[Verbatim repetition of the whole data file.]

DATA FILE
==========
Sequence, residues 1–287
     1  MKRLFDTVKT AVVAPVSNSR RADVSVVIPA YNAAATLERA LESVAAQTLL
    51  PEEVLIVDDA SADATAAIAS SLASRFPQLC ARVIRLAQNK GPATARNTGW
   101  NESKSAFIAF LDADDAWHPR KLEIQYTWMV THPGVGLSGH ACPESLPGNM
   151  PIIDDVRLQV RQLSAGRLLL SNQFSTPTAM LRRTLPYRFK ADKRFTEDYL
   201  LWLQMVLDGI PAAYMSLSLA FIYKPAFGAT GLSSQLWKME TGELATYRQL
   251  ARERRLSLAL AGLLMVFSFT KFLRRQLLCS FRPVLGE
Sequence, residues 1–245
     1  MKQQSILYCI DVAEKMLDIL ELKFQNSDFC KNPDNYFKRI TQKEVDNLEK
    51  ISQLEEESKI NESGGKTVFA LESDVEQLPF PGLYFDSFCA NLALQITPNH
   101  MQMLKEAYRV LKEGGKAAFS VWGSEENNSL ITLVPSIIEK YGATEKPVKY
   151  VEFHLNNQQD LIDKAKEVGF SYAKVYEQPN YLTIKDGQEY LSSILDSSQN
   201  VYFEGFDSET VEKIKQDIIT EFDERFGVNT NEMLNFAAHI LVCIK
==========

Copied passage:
Sequence, residues 1–287
     1  MKRLFDTVKT AVVAPVSNSR RADVSVVIPA YNAAATLERA LESVAAQTLL
    51  PEEVLIVDDA SADATAAIAS SLASRFPQLC ARVIRLAQNK GPATARNTGW
   101  NESKSAFIAF LDADDAWHPR KLEIQYTWMV THPGVGLSGH ACPESLPGNM
   151  PIIDDVRLQV RQLSAGRLLL SNQFSTPTAM LRRTLPYRFK ADKRFTEDYL
   201  LWLQMVLDGI PAAYMSLSLA FIYKPAFGAT GLSSQLWKME TGELATYRQL
   251  ARERRLSLAL AGLLMVFSFT KFLRRQLLCS FRPVLGE
Sequence, residues 1–245
     1  MKQQSILYCI DVAEKMLDIL ELKFQNSDFC KNPDNYFKRI TQKEVDNLEK
    51  ISQLEEESKI NESGGKTVFA LESDVEQLPF PGLYFDSFCA NLALQITPNH
   101  MQMLKEAYRV LKEGGKAAFS VWGSEENNSL ITLVPSIIEK YGATEKPVKY
   151  VEFHLNNQQD LIDKAKEVGF SYAKVYEQPN YLTIKDGQEY LSSILDSSQN
   201  VYFEGFDSET VEKIKQDIIT EFDERFGVNT NEMLNFAAHI LVCIK